Provided by GBI Research.
We discussed some of the key challenges facing the pharmaceutical industry in Wednesday’s blog. Companies have responded to these issues in several ways. These have primarily involved investing in new technologies and strategies, outsourcing, and position consolidation through mergers and acquisitions (M&A).
Increasing Investments in Real World Data Collection
In order to tackle issues with R&D productivity and to optimize drug development, some companies have increased their investments in real-world data (RWD) collection. RWD is collected in real-world health environments, as opposed to controlled clinical trials. The inherent limitations of randomized clinical trials (RCT) and the complex characteristics of novel medical interventions have driven interest in RWD studies.
RWD collection enables the capture of information relating to a drug’s performance in normal clinical practice, within different age groups, genders, disease severities and associated comorbidities, which is not possible with RCT methodologies. RWD studies can, therefore, help optimize drug development by providing deeper insights into patient behavior, enhancing disease understanding and identifying unmet needs.
Clinical trials and protocols can be designed to align with current real-world clinical pathways and facilitate new trial designs, such as ‘pragmatic’ clinical trials. Pragmatic clinical trials enable companies to measure the effectiveness of medical intervention, and they provide insights into variations between patients that occur in real clinical practices. These trials are carried out post-approval. This type of evidence is very important for payers and regulators, and therefore companies will continue to adopt these types of strategies in order to optimize their market access – as well as enhancing communication and collaboration with payers. Studies have suggested that if pharmaceutical companies are able to implement an integrated development model that brings together RWD-based approaches and RCTs, R&D productivity can be significantly revitalized by reducing cycle time and the required R&D investment per product.
In the face of rising costs, increasing pricing pressures and the evolving regulatory landscape, many pharmaceutical companies have begun to form strategic partnerships in order to outsource significant parts of the value chain – from drug discovery and manufacturing, to sales and packaging. Outsourcing helps companies address these issues, as it enables them to focus on core competencies, access cheaper and more-specialized expertise, and achieve cost-saving benefits. It has therefore become a major trend in the pharmaceutical industry.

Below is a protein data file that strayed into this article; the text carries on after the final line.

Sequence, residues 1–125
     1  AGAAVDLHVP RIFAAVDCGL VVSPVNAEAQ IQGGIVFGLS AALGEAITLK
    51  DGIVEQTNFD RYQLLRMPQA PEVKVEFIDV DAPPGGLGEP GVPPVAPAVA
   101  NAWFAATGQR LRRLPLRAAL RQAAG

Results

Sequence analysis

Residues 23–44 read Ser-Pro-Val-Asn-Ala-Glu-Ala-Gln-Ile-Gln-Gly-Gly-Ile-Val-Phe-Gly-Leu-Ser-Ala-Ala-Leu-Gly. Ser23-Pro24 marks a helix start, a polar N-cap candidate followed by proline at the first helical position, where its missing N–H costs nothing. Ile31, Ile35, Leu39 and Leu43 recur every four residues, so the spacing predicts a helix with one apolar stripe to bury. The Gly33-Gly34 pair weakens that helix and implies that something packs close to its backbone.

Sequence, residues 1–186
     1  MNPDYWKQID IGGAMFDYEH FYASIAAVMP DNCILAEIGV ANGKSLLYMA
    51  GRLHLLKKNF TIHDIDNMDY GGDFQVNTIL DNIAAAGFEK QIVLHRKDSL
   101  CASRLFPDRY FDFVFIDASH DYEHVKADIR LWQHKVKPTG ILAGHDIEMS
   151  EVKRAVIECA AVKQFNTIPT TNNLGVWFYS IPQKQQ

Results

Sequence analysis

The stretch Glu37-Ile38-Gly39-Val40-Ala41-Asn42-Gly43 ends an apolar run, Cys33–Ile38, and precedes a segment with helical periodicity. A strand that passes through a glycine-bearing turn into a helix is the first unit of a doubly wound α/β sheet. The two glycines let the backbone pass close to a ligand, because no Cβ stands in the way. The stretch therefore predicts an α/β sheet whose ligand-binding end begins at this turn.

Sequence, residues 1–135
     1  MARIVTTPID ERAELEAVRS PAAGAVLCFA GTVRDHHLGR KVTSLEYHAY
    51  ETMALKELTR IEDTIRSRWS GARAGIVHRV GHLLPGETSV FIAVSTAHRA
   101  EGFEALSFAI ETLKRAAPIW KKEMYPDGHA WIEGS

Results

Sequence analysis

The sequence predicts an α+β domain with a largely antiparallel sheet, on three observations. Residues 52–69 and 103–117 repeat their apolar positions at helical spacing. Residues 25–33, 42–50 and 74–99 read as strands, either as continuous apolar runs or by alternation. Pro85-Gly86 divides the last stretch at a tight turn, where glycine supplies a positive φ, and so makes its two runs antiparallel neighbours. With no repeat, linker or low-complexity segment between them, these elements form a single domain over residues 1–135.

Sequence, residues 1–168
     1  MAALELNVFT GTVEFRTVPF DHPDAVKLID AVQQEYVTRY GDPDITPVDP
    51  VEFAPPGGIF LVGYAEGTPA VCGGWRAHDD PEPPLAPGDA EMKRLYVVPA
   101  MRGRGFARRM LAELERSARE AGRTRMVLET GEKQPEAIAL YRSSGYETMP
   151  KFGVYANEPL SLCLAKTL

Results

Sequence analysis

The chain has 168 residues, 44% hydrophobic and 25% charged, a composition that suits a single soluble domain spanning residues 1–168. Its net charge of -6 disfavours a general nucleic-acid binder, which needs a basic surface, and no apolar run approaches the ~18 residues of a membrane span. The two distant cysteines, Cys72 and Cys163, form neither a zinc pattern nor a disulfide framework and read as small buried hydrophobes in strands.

There has been significant growth in the pharmaceutical services sector – particularly in contract research and manufacturing – and most of the significant private equity buyouts in the healthcare sector in recent years have focused on services. For example, the largest private equity buyout in the healthcare sector in 2013 was Kohlberg Kravis Roberts’ (KKR) $1.3 billion purchase of PRA International, a contract research organization, from Genstar Capital. The high level of interest in the pharmaceutical services sector is likely to be maintained in the foreseeable future, as companies continue to seek cost reductions – particularly with the ongoing introduction of more complex and expensive therapies.
Merger and Acquisition Activities
M&As have been gaining significant traction across most sectors of the pharmaceutical industry, and there have recently been some high-profile, industry-transforming transactions. Notable deals have included Actavis’ acquisition of Allergan for approximately $70.5 billion, creating one of the world’s top 10 pharmaceutical companies by revenue. The company later sold its generic business to Teva for approximately $40.5 billion, creating the largest generic drug company in the world.
Top companies have undertaken high-profile acquisitions to help mitigate declining revenues and productivity, counteract the increasing bargaining power of providers and payers, and consolidate their position in the market in the face of increasing competition. Mergers between rival companies can also provide other benefits, including access to previously untapped geographic markets, and reduced costs through operational synergies.
Pharmaceutical companies have also begun to focus more on their core competencies, by exiting slow-growing markets and sectors, divesting assets, and splitting up companies – with the aim of creating more value for shareholders. Notable recent examples include:
- GlaxoSmithKline (GSK) undertook a three-part transaction with Novartis, completed in 2015. GSK acquired Novartis’s global vaccines business, created a leading consumer healthcare business through a joint venture, and divested its oncology business for approximately $16 billion.
- Abbott Laboratories split into two companies at the beginning of 2013, with AbbVie becoming the pharmaceutical business and Abbott Laboratories focusing on medical devices.
- In 2013 Pfizer announced plans to split into two separate companies, to separate its Global Established Products business from the rest of the company.
Pharmaceutical companies will certainly continue to look for new avenues to innovation and growth, in order to preserve and build shareholder value. Strategies such as outsourcing, increasing collaboration with a wider range of stakeholders throughout the drug development process, and strategic M&A activities have already had a positive effect on R&D productivity – as evidenced by recent increases in new molecular entity approvals and reports of expanding product pipelines.
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